These obstacles can be defined by the significant life barriers white people never have to face. These disadvantages may seem trivial, or imperceptible even, but there is no doubt that they exist. Though a person without privilege may invest the same amount of effort as a person with privilege, the disadvantaged group always seems to encounter more challenges, facing greater resistance. If they should hope to reach the same destination as those who are privileged, they have to work that much harder.
As someone who benefits from this system, I’ll admit that I too find it difficult to talk about race and privilege. However, in witnessing the challenges my family and community face, not to mention those met by my clients from marginalized backgrounds, I am aware of the unique opportunity I have to share my thoughts and experiences as a legal professional.
Staying comfortable is no longer an option. To be a true advocate for my clients, I must speak up on their behalf.
“How many different fathers do your children have?”
Can you imagine a question like that being thrown at you during a case? The sad reality is that it is exactly what was asked of a black, single mother of three, whom I was defending in a personal liability case.
The question, raised during a discovery, had nothing to do with the case. And while calling out opposing counsel for racial bias was uncomfortable, it was absolutely necessary.
During another case, my client insisted that the police had misrepresented his version of events in their report.
“Why would that happen?” I recall asking him.
“Why would it not? Look at me. I’m as black as black comes,” he said to me. “I have dreadlocks. I’ve been pulled over by the police probably 15 to 20 times in the past two years for random checks.” This was a clear case of my client’s appearance informing a biased expectation of his behaviour. He told me that police officers never listened to him. As these actions point towards a clear show of racism, I raised the issue in my opening statement at the mediation. It was the right thing to do, swiftly settling the file in my client’s favour.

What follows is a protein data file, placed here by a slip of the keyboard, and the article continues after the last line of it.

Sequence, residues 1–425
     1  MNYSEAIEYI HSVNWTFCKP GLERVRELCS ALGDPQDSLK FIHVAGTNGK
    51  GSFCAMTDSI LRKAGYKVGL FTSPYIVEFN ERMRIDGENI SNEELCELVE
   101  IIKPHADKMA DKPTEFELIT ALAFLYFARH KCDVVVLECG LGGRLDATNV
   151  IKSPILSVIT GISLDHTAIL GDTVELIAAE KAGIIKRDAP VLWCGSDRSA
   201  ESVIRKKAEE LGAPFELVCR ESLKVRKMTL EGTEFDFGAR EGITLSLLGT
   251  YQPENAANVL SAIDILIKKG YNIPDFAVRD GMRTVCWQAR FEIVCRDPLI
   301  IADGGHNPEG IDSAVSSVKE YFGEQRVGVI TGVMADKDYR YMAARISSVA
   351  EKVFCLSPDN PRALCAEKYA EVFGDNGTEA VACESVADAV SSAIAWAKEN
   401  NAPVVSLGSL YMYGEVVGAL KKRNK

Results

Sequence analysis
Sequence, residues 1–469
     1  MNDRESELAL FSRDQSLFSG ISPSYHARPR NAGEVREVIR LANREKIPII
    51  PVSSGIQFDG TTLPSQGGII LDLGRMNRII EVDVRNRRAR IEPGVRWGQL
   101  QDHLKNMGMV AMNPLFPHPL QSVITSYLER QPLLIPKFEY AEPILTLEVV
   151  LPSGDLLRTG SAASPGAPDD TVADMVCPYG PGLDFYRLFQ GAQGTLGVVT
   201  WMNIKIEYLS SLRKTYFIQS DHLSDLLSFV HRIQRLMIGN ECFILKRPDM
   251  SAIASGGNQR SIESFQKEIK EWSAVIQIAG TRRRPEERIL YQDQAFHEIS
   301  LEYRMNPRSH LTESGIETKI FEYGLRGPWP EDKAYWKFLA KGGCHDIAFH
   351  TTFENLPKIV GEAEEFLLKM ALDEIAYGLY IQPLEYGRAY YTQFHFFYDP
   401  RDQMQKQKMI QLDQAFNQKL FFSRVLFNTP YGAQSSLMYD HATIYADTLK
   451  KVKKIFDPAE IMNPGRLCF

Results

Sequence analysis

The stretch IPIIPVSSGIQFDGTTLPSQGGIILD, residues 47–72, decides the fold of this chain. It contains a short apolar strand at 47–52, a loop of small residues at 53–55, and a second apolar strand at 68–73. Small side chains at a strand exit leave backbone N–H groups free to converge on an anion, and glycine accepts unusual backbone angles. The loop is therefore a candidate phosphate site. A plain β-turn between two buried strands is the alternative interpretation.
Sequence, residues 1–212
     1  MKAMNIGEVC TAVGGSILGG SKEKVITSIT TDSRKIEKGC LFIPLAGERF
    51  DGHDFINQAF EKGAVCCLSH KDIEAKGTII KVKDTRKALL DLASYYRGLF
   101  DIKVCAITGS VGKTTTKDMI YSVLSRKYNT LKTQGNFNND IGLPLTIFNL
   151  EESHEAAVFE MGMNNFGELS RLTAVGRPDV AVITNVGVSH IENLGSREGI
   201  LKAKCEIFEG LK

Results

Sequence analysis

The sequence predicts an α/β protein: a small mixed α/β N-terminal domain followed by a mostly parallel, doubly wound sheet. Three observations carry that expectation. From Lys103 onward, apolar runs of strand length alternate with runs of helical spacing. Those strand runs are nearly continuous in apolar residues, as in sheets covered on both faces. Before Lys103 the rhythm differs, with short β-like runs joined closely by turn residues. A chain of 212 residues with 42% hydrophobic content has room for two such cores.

Pulling over a driver who is going about his daily routine may seem minor. A question seeking to discredit a plaintiff may appear insignificant. These actions may seem trivial, but what we need to realize is that these microaggressions reinforce the foundation of our flawed system. White privilege undoubtedly bleeds into every aspect of our society. Oftentimes, we aren’t aware of how this may manifest, but various statistics can illustrate the inherent biases present today. In our next piece covering racism in Ontario’s legal system, we will address these staggering statistics.
As officers of the court and as members of society, we have to recognize that systemic racism and white privilege are complex issues we can no longer afford to ignore. And by interrogating our own behaviours for bias and speaking up to protect the vulnerable, we have the power to make a difference.
Read more about addressing racism in Ontario’s legal system in our blog series.